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Compiler Front-end: Building a lexer

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We will build a lexical analyzer for the Kaleidoscope programming language which converts source code into tokens. This is the first program to interact with the source during compilation.

Table of contents.

  1. Introduction.
  2. The lexical analyzer.
  3. Summary.
  4. References.

Prerequisites.

  1. LLVM, IR, SSA

Introduction.

Lexical analysis is the first phase of a compiler. The first program to process code written in a high-level programming language such as Java, C/C++. A lexical analyzer breaks syntaxes into tokens, this is done by removing whitespace, comments in the source code.

A lexeme is a sequence of alphanumeric characters in a token.
A pattern is a means to specify grammar rules. They determine what a token is. For example, tokens can be constants, keywords, operators, identifiers, etc in a programming language.

A lexical analyzer scans through the whole source code and identifies tokens.

A drawback of using a lexical analyzer is that it requires a lot of runtime overhead to generate lexer tables and produce tokens.

In this article, we are implementing a lexical analyzer for the Kaleidoscope programming language. The following code returns the nth Fibonacci number;

# nth fibonacci number.
def fib(x)
  if x < 3 then
    1
  else
    fib(x-1)+fib(x-2)
# 10th fibonacci number - 55
fib(10)

We have comments, identifiers, keywords, variables, etc. We will convert them to their corresponding tokens.

The lexical analyzer.

We first start by defining the different tokens that we will have in this programming language;

enum Token{
    // end of file token
    tok_eof = -1,

    // def keyword
    tok_def = -2,

    // extern keyword
    tok_extern = -3,

    // function names and variable names
    tok_identifier = -4,

    // numbers
    tok_number = -5,
};

Above we have specified tokens for identifiers, keywords, variable names, and numbers for the Kaleidoscope programming language.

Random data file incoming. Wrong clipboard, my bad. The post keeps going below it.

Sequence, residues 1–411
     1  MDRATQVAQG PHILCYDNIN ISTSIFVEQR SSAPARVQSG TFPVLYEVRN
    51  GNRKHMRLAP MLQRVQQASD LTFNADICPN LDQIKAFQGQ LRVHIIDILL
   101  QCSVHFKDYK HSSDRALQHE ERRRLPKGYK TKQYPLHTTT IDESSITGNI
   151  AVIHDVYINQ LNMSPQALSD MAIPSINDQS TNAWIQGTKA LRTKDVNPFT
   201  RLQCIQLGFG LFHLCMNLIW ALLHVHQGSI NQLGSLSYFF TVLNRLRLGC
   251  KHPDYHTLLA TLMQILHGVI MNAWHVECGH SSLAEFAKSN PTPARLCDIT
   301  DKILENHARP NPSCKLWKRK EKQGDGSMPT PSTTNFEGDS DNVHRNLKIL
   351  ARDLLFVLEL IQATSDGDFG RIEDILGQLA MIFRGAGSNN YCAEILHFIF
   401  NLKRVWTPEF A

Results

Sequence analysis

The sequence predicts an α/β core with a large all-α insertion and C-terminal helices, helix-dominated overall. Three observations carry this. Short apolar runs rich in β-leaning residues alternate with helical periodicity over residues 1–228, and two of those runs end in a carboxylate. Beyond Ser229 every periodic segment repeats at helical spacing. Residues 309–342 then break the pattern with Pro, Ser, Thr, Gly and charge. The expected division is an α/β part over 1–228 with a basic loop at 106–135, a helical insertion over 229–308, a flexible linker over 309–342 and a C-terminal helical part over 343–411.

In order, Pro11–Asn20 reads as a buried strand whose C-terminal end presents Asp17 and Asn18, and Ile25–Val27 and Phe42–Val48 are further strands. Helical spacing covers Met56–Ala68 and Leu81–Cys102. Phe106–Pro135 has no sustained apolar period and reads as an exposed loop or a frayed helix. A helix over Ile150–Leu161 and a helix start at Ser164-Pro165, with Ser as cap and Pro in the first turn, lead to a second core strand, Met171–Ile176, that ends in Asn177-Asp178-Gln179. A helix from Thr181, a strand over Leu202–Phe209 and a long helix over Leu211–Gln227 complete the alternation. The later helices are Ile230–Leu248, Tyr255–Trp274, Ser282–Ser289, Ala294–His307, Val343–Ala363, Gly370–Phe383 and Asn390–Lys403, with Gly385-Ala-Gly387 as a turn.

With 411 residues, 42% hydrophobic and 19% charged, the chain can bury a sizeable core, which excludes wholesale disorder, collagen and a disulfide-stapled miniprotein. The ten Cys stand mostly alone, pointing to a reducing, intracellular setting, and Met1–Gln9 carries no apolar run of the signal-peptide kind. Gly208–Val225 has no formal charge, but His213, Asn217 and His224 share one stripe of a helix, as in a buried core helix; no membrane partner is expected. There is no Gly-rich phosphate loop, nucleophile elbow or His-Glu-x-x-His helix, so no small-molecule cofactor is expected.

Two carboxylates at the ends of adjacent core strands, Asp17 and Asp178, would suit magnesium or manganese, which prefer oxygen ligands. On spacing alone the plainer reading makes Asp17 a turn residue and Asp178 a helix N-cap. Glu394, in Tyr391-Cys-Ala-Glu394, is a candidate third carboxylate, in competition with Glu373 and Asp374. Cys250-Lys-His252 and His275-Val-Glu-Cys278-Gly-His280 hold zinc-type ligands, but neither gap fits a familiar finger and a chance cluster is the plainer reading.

Global variables are bad practice although we use them for learning purposes. First, we can make the mistake of redeclaring a global variable for the second time, secondly, they take longer to find, unlike local variables.

// global variables
static std::string IdentifierStr; // identifier string saved here
static double numVal; // number saved here

When called it parses the characters in a string to recognize tokens and return the token which is represented with an integer.

static int getTok(){
    static int lastChar = ' ';

    // remove whitespace
    while(isspace(lastChar))
        lastChar = getchar();

lastChar is initialized to an empty whitespace.
getchar() reads a single character from standard input. Standard input could be a file or input being typed into the terminal.
The function getTok() calls getchar() which reads characters and consumes them while recognizing and storing them and the last character is read but not processed.
We also ignore white space from the source code, we do this using the while loop, The loop reads characters until it finds a character that is not whitespace.

The next step involves recognizing identifiers and keywords such as the def keyword.
We accomplish this task using the following code;

// recognize identfiers and keywords - gets identifiers
    if(isalpha(lastChar)){ // [a-zA-Z][a-zA-Z0-9] - specifies valid identifiers
        IdentifierStr = lastChar;
        while(isalnum((lastChar = getchar()))) // while next letter is alphanumeric
            IdentifierStr += lastChar;
        if(IdentifierStr == "def") return tok_def; // def keyword, return the corresponding token
        if(IdentifierStr == "extern") return tok_extern; // extern keyword, ' '
        return tok_identifier;
    }

Now we recognize numbers in the source code;

// recognizing numbers
    if(isdigit(lastChar) || lastChar == '.'){ // if input is a digit or dot (.)
        string numStr; // hold digits
        do{
            numStr += lastChar; // append to numStr
            lastChar = getchar(); // get next character
        }while(isdigit(lastChar) || lastChar == '-');
        numStr = strtod(numStr.c_str(), 0); // do while numbers/dots are available
        return tok_number; // return number token
    }

Above we use the sttod C function to convert it to a numeric value which we store in numVal.